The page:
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HBN Blog category: Newsletter

Lauren Heine Joins MaterialWise, Enhancing Science, Data and Collaboration Capabilities

HBN | April 2019 Newsletter

Dr. Lauren Heine has joined MaterialWise as Director of Safer Materials & Data Integrity. A pioneering leader in the field of green chemistry, Heine brings decades of experience and leadership in green chemistry and engineering, alternatives assessment and multi-stakeholder collaboration which will accelerate MaterialWise’s efforts to enable a prosperous, toxic-free future for people, the planet and commerce.

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HBN Blog category: Newsletter

Newly Completed Inventory of Chlorine & PVC Production Sheds New Light on Supply Chain Challenges

Teresa McGrath and Jim Vallette | March 2019 Newsletter

Demand from the building industry now drives the production of chlorine, the key ingredient of polyvinyl chloride (PVC) widely used in pipes, siding, roofing membranes, wall covering, flooring, and carpeting. Chlorine is also an essential feedstock for epoxies used in adhesives and flooring topcoats, and for polyurethane used in insulation and flooring.  On March 19, 2019, the Healthy Building Network will release Phase 2 of its landmark report on chlorine-based plastics that are widely used in common building and construction products. The report, “​Chlorine and Building Materials: A Global Inventory of Production Technologies, Markets, and Pollution. Phase 2: Asia,”​ completes HBN’s global analysis of the industry.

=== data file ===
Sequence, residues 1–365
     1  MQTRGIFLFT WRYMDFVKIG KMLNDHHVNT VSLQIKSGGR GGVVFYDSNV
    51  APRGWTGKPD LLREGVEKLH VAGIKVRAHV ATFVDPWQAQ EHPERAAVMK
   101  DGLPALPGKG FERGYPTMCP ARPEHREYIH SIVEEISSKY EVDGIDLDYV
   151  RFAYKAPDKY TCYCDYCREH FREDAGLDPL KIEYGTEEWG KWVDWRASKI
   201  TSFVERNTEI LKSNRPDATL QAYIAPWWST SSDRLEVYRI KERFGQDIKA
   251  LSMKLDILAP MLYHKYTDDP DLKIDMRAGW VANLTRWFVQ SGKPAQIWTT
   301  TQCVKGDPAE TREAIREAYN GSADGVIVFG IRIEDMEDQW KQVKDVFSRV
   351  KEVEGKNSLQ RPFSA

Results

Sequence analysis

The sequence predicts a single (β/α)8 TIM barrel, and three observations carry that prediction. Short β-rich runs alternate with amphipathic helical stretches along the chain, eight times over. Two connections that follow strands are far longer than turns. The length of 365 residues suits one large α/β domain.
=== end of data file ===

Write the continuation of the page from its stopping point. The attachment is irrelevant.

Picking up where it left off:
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HBN Blog category: Newsletter

New Resource for Specifying Healthier Insulation and Sealants

Rebecca Stamm | March 2019 Newsletter

Healthy Building Network, along with Energy Efficiency for All (EEFA), has released “Guidance for Specifying Healthier Insulation and Air-Sealing Materials,” a new resource to help those working in multifamily energy efficiency upgrades make healthier material choices.

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HBN Blog category: Newsletter

HBN is Hiring!

Teresa McGrath | March 2019 Newsletter

Be part of a non-profit organization that is making the world a healthier place. We are seeking an experienced Materials Researcher to contribute to HBN's body of research on building products, chemicals, and related health hazards. Click here for more information or to apply. 
 

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HBN Blog category: Newsletter

Banksy & Building Products: The Justice of Full Transparency

Bill Walsh | January 2019 Newsletter

The powerful new Banksy mural that appeared in a small town in Wales just before Christmas 2018 seems at first to be a timeless and global statement. But like the Dickensian dystopia it evokes, it is also particular to a place and time – Port Talbot, a town situated hard against the Tata Steel mill on Wales’ southwest coast.  People, especially those of us who define what healthy buildings and healthy products are, have a right, and an obligation, to know where building products come from, and what life is like there.